15 Ways You're Ruining Pasta Salad

The second you get your first waft of freshly cut grass and barbecue smoke, you know summer's in full swing. Fresh strawberries, corn on the cob, and hot dogs are just around the corner, which means it's time you prepare your taste buds for a whole new cuisine. Out with the heavy and hot comfort foods, in with the fresh produce and light, refreshing fare. Luckily, we can adapt some of our favorite comfort food dishes to be enjoyed even in the dog days of summer, especially those we can't even fathom stowing away for a whole season. Pasta, in particular, although a year-round classic, can take a particularly summer-like form when it comes to pasta salad. Replace that hearty, simmering sauce with fresh dressings, herbs, vegetables, and cheese. When done right, pasta salad can make for an incredible main course or side. However, there are many ways you can ruin pasta salad, so it's important to stick to a few important key guidelines.

Ever had one of those bland, crunchy, or discombobulated bowls of pasta salad at a potluck? It happens all too often, and unfortunately, pasta salad can be tricky to make from scratch if you're not following a recipe. And while it's important to follow the major tips you need to make the ultimate pasta salad, it's also important to avoid frequently made mistakes. Here are the top slip-ups you can easily avoid when you're ready to dive into your pasta salad recipe.

1. Undercooking the pasta

When you're gearing up to make a big pot of pasta marinara, it's essential that you don't overcook those noodles. They should be al dente, and if they end up mushy, you may just be able to make out the sound of an ancient Italian chef rolling over in their grave. However, when making pasta for pasta salad, you'll have to toss aside anything you've ever learned about testing your pasta to see if it's done. In fact, you should be overcooking your pasta salad, and here's why.

When pasta is hot, it's nice and doughy, but when it cools it can dry out and become slightly crunchy. Ever tasted your cold pasta leftovers before reheating them? If you overcook your pasta, once it's chilled, it will even out to the perfect al dente-style tenderness you're used to. And when we say overcook, we don't mean obliterate the poor noodles into oblivion. Just cook them for a few more minutes than you typically would and strain them before they become mushy or begin to fall apart. This may go against everything you've learned about pasta making, but we can assure you that after being cooled, the pasta will be cooked to perfection.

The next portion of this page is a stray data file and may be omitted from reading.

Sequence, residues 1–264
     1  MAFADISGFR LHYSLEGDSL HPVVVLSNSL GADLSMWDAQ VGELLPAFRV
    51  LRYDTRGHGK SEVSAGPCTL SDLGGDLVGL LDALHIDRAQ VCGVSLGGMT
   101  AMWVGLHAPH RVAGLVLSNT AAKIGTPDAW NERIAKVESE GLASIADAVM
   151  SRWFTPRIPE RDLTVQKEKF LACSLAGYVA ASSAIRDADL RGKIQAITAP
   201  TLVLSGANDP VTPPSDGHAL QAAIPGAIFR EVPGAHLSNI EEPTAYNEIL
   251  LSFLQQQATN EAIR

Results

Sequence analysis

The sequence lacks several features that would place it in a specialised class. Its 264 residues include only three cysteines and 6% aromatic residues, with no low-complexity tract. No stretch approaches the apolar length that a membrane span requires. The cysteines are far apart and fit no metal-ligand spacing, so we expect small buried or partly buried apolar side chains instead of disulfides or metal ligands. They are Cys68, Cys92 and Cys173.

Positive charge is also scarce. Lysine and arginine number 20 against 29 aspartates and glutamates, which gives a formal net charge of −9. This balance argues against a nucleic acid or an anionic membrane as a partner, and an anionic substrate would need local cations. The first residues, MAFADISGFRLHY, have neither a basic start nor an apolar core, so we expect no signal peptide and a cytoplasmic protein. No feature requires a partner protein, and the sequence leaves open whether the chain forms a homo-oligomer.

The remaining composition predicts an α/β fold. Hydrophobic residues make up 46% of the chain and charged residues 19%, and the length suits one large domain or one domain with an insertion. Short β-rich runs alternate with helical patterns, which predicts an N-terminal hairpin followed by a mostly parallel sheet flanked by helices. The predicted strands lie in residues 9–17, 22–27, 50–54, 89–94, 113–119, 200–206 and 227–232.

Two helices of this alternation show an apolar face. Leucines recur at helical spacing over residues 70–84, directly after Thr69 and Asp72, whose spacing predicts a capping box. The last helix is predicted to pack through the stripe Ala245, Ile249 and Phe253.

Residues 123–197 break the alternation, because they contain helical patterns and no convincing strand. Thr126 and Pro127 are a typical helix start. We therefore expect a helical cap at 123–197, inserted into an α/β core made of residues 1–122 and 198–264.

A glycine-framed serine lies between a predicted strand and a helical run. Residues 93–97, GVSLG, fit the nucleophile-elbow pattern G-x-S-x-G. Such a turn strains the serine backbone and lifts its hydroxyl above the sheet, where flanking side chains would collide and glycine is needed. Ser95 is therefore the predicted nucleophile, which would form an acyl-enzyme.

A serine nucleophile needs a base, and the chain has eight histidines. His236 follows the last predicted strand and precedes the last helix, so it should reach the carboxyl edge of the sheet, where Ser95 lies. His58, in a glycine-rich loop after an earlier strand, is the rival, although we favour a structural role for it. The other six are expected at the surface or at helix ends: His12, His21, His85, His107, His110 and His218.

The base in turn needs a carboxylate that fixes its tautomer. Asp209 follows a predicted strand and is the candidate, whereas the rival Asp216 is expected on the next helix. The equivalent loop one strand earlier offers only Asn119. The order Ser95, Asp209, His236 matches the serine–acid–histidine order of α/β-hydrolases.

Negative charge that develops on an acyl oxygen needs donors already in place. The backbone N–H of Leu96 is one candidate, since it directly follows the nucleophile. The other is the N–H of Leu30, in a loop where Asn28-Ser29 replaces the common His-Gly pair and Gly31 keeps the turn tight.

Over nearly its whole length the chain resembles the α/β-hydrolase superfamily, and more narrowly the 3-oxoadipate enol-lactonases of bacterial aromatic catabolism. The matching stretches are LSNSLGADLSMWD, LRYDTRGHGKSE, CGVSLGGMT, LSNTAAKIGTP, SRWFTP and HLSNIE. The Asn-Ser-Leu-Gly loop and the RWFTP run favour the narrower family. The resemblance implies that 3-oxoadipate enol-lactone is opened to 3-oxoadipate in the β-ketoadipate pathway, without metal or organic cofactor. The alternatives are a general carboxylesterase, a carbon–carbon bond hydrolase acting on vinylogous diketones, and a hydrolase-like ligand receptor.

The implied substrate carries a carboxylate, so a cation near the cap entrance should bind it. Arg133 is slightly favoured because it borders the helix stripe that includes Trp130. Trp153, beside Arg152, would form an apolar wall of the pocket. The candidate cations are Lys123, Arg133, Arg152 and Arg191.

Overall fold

2. Using the wrong pasta shapes

Although you can really make any pasta shape into pasta salad, there are certainly some that hold up better than others. For instance, while pappardelle or angel hair might be your personal favorites when it comes to the hot dish, they tend not to work so well in salad form. In fact, most long, thin, and sleek noodles like linguini, spaghetti, and fettuccine don't make the cut. And although they are classics, there are three reasons why we avoid these shapes in cold form.

The first reason is that pasta can become less malleable when cooled, so these long noodles have a tendency to break apart more easily. The second reason is that pasta salad is typically a serve-yourself dish presented in a large bowl. These noodle shapes hold up better when individually portioned, especially if you plan on evenly distributing the vegetables and other anterior ingredients. The third reason is that they don't cling to salad dressings quite as well as noodles with rivets.